Study Questions Child victimization is a major public health concern across the globe. Many previous studies have focused on separate categories of child victimization and health correlates, paying less attention to children affected by multiple forms of violence. Studies encompassing families’ residential mobility and social support in the context of child poly-victimization are limited. This study examines the prevalence of child poly-victimization in Hong Kong and the associations between family structure, residential mobility, social support, and child poly-victimization. Subjects and Methods The analysis employed data from a cross-sectional, school-based survey in Hong Kong. A two-stage stratified sampling procedure was employed to maximize the representativeness of the sample. All children born in Hong Kong and receiving education in the sampled schools were included as eligible participants. A total of 5,567 children and their caregivers from 107 schools (kindergartens, primary schools, and secondary schools among 18 districts in Hong Kong) were randomly recruited in the study. Findings A total of 32.2% of the children experienced one-to-three types of victimization and 23.1% reported experiencing four or more types of victimization in the preceding year. Child victimization and its various aspects were negatively associated with family support, positively correlated with the number of times the child had moved house, and the number of siblings at home. The strongest association appeared to be between child maltreatment and family, while a relatively weaker but still significant connection was found between peer and sibling victimization and family support. Major Implications Successful family functioning and social stability are key to protecting children from victimization. This study provides insights into the importance of supporting families as a whole in preventing child poly-victimization. It also highlights family structure and social support in reducing the negative impacts of child victimization.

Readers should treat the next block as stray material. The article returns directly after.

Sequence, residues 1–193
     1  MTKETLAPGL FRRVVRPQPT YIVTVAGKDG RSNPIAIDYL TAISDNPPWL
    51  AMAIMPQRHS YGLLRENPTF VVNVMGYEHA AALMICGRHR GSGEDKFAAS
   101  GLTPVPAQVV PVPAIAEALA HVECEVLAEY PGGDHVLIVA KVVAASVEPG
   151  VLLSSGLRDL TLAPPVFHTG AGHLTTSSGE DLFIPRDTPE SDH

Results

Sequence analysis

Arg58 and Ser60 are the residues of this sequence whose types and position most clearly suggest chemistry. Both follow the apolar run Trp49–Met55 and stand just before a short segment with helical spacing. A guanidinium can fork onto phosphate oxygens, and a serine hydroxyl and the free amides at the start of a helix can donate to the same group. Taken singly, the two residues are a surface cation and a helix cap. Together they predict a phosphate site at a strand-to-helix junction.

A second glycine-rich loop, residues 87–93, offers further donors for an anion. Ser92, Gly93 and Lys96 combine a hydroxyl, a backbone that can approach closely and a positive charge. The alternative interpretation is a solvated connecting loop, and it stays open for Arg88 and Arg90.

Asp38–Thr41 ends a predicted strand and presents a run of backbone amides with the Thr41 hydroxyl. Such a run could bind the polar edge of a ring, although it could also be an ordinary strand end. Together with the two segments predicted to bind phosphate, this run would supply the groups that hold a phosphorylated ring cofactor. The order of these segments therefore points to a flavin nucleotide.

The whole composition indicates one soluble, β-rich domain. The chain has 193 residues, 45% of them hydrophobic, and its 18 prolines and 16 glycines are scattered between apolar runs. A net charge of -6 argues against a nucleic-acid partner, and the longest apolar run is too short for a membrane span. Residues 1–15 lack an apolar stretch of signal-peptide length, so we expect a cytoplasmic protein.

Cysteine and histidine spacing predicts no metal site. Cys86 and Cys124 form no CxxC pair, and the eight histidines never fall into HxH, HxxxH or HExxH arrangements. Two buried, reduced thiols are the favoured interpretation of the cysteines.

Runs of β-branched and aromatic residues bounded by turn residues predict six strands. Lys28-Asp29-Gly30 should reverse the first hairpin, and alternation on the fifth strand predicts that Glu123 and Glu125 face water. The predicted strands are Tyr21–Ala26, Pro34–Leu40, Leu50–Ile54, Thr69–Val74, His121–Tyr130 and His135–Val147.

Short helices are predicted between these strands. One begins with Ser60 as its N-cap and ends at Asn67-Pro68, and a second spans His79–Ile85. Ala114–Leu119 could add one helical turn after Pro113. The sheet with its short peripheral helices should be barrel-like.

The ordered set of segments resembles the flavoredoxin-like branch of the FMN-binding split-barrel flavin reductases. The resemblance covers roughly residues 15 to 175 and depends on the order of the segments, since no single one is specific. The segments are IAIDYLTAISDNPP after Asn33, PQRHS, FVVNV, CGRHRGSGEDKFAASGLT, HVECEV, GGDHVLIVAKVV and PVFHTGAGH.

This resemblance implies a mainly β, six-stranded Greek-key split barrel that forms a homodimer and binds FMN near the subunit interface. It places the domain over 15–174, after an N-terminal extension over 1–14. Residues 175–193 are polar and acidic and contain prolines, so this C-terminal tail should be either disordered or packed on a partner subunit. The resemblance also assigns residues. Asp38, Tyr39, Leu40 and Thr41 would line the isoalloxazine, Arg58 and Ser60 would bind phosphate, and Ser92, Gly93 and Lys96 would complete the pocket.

Bibliographical noteFunding Information:
The author(s) disclosed receipt of the following financial support for the research, authorship, and/or publication of this article: The work described in this article was fully supported by a grant from the Central Policy Unit of the Government of the Hong Kong Special Administrative Region and the Research Grants Council of the Hong Kong Special Administrative Region, China (HKU 7001-SPPR-12).
© 2020 SAGE Publications.
All Science Journal Classification (ASJC) codes
- Clinical Psychology
- Applied Psychology